By no means is anything written in this article intended to be an argument against shorter, more humane working hours or higher pay today. But as such struggles intensify, as they must, they can help us move beyond reforms that somewhat lessen our exploitation to ending exploitation. If a six-hour work day is better for us, why not have more of the benefits accrue to those who do the work and to the community that supports that work?

Chinese stock bubble no panacea for low wages

China increasingly finds its journey to capitalism to be difficult, all the more so since the government’s strategy of inflating a stock-market bubble has not worked better than it does elsewhere.

Although, thanks to increasing worker militancy, wages are rising in China, it does not appear that China’s leaders have made any real progress in tackling over-reliance on investment and a low level of consumption, while inequality continues to rise. Encouraging working people to throw money into Chinese stock markets — much of which was borrowed — isn’t a substitute for a strong social safety net and living wages.

The corporate media is grumbling that measures Beijing has taken to stabilize its stock markets amount to a backtracking on its commitments to capitalist markets, but China’s integration into the global economic system is hardly at risk. The ruling Communist Party made its goal of increasing integration quite clear two years ago, when it set its economic goals at the 18th Party Congress’ Third Plenum.

The recently built, empty Chinese city of Ordos, Inner Mongolia (photo by Uday Phalgun)

The recently built, empty Chinese city of Ordos, Inner Mongolia (photo by Uday Phalgun)

At the time, corporate-media writers were disappointed the party did not choose to become a pet of the International Monetary Fund, evidently unable to read beyond the self-congratulatory slogans the party issued about its leadership. The party stated firmly its continuing commitment to capitalism, but also that its ongoing adoption of markets would be gradual.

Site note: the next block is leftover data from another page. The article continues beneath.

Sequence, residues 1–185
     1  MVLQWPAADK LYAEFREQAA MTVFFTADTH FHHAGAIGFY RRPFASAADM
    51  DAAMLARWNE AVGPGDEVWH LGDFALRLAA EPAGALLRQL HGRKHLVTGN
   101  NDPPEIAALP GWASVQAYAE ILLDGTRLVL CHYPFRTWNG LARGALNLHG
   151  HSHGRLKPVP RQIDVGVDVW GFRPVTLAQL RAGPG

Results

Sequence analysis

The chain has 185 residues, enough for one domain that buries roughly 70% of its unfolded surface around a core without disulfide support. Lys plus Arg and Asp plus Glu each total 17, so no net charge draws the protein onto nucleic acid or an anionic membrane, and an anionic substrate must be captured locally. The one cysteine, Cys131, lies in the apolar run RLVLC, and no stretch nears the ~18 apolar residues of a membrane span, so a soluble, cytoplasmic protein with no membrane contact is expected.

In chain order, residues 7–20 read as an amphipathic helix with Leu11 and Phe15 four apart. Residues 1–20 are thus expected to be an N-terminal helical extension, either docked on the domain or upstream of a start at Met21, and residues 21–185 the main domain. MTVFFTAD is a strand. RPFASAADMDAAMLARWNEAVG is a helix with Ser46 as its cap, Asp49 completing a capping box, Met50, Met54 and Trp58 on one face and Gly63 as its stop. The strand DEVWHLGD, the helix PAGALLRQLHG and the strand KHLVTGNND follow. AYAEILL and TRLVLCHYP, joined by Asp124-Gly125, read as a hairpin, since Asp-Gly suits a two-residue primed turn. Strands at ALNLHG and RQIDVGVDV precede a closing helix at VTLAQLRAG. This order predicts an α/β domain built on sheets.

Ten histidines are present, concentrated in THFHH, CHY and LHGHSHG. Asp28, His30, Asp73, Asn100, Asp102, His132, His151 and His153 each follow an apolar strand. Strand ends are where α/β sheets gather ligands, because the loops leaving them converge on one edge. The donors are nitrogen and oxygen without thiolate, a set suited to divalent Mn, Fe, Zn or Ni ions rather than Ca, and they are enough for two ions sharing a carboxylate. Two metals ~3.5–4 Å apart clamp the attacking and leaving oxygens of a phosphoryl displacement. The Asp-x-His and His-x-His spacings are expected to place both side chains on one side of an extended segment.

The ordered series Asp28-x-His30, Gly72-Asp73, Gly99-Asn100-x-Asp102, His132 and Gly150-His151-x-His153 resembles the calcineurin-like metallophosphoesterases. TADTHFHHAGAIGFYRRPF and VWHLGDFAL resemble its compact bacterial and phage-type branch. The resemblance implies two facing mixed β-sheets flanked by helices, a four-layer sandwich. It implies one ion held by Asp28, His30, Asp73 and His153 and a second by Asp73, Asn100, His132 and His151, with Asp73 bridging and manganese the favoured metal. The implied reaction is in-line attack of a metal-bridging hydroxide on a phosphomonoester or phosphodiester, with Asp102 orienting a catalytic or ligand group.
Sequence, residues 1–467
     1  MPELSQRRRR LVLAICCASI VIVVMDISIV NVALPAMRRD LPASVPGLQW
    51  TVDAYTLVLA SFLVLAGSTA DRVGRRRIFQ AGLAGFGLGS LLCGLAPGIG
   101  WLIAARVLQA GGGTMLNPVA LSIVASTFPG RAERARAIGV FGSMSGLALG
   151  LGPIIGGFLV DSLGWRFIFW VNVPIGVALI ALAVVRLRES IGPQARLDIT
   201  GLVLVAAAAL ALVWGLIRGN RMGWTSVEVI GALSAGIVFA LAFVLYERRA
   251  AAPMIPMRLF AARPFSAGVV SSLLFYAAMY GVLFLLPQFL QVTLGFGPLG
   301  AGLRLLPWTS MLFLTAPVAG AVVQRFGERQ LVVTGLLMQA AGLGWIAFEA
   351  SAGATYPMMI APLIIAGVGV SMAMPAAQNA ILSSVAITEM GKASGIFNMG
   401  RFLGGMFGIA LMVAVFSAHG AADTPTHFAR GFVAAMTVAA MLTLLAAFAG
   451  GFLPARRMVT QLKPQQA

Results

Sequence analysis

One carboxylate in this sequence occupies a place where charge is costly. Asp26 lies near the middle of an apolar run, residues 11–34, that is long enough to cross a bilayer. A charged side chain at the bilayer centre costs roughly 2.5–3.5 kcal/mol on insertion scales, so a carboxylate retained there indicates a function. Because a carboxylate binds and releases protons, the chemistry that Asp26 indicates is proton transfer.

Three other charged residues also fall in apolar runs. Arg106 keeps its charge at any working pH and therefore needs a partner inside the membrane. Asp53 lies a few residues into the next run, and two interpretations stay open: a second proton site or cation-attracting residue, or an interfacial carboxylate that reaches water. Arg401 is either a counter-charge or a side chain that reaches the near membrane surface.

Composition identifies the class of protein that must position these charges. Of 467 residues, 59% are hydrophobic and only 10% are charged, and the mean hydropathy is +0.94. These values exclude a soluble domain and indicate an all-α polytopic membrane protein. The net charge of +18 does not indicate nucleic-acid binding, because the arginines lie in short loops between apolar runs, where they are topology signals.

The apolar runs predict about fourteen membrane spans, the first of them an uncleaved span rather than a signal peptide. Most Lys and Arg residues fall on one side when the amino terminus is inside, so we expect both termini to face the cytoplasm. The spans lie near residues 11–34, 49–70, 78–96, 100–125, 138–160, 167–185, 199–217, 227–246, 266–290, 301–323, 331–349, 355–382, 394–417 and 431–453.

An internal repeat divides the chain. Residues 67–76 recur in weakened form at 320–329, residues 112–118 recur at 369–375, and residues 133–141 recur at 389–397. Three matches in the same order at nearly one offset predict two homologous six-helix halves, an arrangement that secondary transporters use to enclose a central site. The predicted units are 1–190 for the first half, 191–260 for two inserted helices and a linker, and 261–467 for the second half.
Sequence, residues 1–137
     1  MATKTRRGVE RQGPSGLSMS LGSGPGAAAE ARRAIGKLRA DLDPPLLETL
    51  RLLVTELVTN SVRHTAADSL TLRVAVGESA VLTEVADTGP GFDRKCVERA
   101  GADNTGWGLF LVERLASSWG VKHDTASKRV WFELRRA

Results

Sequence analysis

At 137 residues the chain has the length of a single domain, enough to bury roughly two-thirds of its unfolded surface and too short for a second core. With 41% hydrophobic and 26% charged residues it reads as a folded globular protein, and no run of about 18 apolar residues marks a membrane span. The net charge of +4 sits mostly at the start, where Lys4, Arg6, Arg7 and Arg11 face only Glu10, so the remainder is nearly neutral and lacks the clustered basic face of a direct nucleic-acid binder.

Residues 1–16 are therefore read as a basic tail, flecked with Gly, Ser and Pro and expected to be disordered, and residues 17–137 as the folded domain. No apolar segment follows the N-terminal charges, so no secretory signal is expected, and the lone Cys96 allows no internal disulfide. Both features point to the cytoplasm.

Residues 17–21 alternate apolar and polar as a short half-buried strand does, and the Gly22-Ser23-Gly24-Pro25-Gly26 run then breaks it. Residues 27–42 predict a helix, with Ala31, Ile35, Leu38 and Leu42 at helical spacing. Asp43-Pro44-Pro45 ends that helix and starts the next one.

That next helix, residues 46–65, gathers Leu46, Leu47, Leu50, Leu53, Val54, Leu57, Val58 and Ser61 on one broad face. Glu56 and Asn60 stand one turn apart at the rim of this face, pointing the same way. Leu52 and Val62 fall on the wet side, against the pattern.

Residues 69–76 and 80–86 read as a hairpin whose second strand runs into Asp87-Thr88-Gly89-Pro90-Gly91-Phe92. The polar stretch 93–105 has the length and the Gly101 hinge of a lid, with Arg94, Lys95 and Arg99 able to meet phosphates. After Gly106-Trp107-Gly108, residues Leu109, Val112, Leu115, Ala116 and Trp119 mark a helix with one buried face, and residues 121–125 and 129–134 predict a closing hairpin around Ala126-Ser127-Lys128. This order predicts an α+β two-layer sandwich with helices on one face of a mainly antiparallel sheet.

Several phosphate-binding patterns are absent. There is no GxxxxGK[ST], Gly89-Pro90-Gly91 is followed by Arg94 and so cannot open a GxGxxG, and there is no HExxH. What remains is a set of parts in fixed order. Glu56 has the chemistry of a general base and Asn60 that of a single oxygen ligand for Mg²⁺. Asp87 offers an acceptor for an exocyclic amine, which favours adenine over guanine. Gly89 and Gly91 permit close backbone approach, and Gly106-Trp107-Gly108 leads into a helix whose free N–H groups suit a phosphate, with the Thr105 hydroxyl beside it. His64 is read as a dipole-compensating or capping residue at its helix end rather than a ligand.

This was clear enough at the time: The party’s communiqué following the Plenum stated it “must closely revolve around the decisive function that the market has in allocating resources” and would “accelerate the construction of free trade zones.” Xinhua, the official Chinese news agency, stressed that “The role of the market in China has officially switched from ‘basic’ to ‘decisive,’ and is key to understanding the reform agenda.” Earlier this month, President Xi Jinping reiterated this commitment:

“An important goal for China’s current economic reform is to enable the market to play the decisive role in resource allocation and make the government better play its role. That means we need to make good use of both the invisible hand and the visible hand. … To develop the capital market is a key goal of China’s reform, which will not change just because of current market fluctuations.”

When real estate cools, inflate a stock bubble